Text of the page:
by Anne Light
An unusual request leads you to a place you've never visited before.
Last Tuesday, I was just polishing the buttons of my haberdashery collection, I received the following letter with my mail:
Dear Mr Quaintick,
I request your help in an urgent matter. Several mysterious deaths have occurred in our community. Please meet me this afternoon behind the furnace in the basement of 95, Fenton St., at five o'clock.
I pondered whether to oblige him or ignore the letter, but it seemed unkind to leave somebody in distress and accordingly, I went.
I took the bus early, so I arrived in good time. 95, Fenton St. was a run-down, six-story building. The color was indefinable, and several cracks showed in the facade. A sign in a window announced a shop for rent.
The door stood open and I proceeded downstairs. Another door, unlocked, led to a store room. I found a light-switch and perceived the furnace at the end of the room. There wasn't much space behind it, and, after checking my watch, I called out for Mr. Rhet.
“You have to climb through the hole.” The voice was high and whispery.
Indeed, when I looked closer, there was a crack in the wall. I had to make myself very small to pass through. On the other side, it was dark. I got up and brushed the dust from my suit.
“Very good of you to come, Mr Quaintick,” the voice said, “this way, please.”
Since I could not see, I followed his footfalls. He led me down a flight of stairs and along several corridors. Water dripping from the ceiling gave a melodious background to the rhythmical sound of our steps. The air was cold and filled with a foul smell.
Finally he said: “We are here. Will you light the candle, please?”
As I did so, I found myself in a cave due to a few missing stones in the brick-work. Though the air was damp, the ceiling, if it may be called thus, was dry. In one corner, there was a nest made of rags and paper. On top of it, a rat was shaking with spasms.
“My wife is in labour,” Mr Rhet said.
“Good evening, ma'am.” I received no answer.
Mr Rhet led me to a similar nest and offered me a seat.
“If you would hold this for a second,” Mr Rhet said, handing me the candle, “I'll be right back.”
I dropped wax on the floor and held the candle upright. Meanwhile, I inspected the nest. Shreds of newspaper formed a pool. I lifted one. It read “onday, 24th of Apr”. Today was the 25th.
“I thought, you might want some refreshments.” Mr Rhet offered me a mixture of grains. “Are you comfortable, Mr Quaintick?”
“Thank you.” I crossed my legs and leaned back to confirm my words. After some conventional pleasantries, I felt it was time to mention the letter.
“Yes, we are very concerned. We have an unusually high death rate these days. Several members of our community have become sick and died within a couple of days.” His labials lacked clarity due to his protruding front teeth, yet, he spoke with practiced ease.
“How long has this been going on?” I inquired.
“For two weeks. At first, we thought it was a virus, but now we suspect food poisoning.”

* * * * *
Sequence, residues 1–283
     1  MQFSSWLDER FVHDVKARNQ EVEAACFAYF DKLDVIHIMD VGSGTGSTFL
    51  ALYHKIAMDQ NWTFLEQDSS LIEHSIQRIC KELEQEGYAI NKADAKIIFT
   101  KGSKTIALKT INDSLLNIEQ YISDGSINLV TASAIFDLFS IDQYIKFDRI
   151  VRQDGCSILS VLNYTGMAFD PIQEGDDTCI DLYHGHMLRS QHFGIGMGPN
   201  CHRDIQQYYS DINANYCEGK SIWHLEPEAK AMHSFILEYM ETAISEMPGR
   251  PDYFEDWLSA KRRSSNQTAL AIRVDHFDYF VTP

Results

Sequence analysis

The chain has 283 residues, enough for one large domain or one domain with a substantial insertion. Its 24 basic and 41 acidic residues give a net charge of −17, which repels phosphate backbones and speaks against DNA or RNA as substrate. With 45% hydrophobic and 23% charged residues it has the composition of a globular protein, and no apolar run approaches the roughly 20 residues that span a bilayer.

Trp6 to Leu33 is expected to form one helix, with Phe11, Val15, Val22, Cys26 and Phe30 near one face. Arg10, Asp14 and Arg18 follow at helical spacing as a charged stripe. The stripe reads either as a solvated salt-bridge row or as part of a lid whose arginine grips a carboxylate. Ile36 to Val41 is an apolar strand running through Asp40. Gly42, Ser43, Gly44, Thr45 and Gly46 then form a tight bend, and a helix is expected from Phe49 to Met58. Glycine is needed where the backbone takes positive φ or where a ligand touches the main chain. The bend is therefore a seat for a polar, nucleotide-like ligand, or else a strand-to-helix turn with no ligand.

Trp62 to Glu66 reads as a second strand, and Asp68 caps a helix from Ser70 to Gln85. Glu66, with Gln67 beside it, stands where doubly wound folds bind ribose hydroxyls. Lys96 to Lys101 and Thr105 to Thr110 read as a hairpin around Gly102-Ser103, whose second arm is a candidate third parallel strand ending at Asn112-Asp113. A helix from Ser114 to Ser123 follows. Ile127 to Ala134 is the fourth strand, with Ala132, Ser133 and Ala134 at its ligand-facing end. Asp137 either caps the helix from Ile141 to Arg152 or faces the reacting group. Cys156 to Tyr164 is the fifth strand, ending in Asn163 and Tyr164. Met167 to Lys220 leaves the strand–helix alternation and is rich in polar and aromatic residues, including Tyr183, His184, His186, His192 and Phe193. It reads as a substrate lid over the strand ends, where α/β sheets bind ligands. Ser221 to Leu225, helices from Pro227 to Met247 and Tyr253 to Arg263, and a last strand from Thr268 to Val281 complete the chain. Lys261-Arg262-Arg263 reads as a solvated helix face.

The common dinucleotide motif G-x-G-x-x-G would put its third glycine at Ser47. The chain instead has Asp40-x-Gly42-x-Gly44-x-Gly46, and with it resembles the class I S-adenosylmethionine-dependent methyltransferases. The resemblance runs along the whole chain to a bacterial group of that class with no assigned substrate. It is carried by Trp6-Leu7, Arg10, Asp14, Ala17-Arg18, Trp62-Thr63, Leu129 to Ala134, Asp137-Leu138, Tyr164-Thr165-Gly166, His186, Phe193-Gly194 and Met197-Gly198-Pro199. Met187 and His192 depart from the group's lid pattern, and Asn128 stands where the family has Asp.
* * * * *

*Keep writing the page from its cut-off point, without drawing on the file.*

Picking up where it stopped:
“Food poisoning?” I inspected the grain of wheat, on which I had been nibbling.
“No, this is safe. My cousin brought it from a closed bag. He chewed through the plastic himself. We can't be too careful. We warned the children not to eat anything they find on the ground.”
“Have you seen any unusual activities?”
“Now that you mention it, there has been a lot of movement recently. And someone did leave boxes with food around. Let me show you.”
As we walked out of the brick cave, I looked towards Mrs. Rhet. Three small bodies nestled at her side, yet, the spasms hadn't stopped.
Again we entered the canal system under the city. This time I could see for I had taken the candle. The constant dripping of water threatened the flame, so I guarded it with my hand. As we were walking alongside a slow river of water and dirt, I perceived the unmistakable stench of human feces. After several turns, I couldn't have found my way back, we climbed a flight of stairs and entered a building through a hole in the wall.
It appeared to be the basement of a grocery-shop. Shelves containing vegetable boxes stood against the walls. In the center aisle, sacks were piled. Mr Rhet showed me a box. Purple grains scattered inside.
“Do you think these could be the the cause of the deaths?”
“It certainly looks like conventional rat poison.” I answered.
“Are you saying that this is not a singular occurrence?”
I coughed non-committally.
“But this is genocide!” Mr Rhet exclaimed.
Sounds of steps spared me an answer. Mr Rhet dragged me behind a box of radishes just before a man in work-clothes entered, carrying a bucket and a trowel. Only now I discovered a pile of bricks next to the hole, through which we had arrived.
“He's going to close it,” I explained to Mr. Rhet.
“Then we'll have to say good-bye,” said Mr. Rhet, ran to the hole, and jumped through.
I waited until the man had finished his work. Then I followed him out of the building, enlarged myself to my usual size, and took the bus home.
Yesterday, while I was dusting the egg-timer on the mantelpiece, I received another letter:
Dear Mr. Quaintick,
Please help us. We believe our lives are in danger. A murderous attack is imminent. Please meet me at 156, Pillsbury Rd., at 4 pm. I'll await you under the floorboards in the kitchen.
I didn't answer the letter. I couldn't trust anybody who lives under floorboards.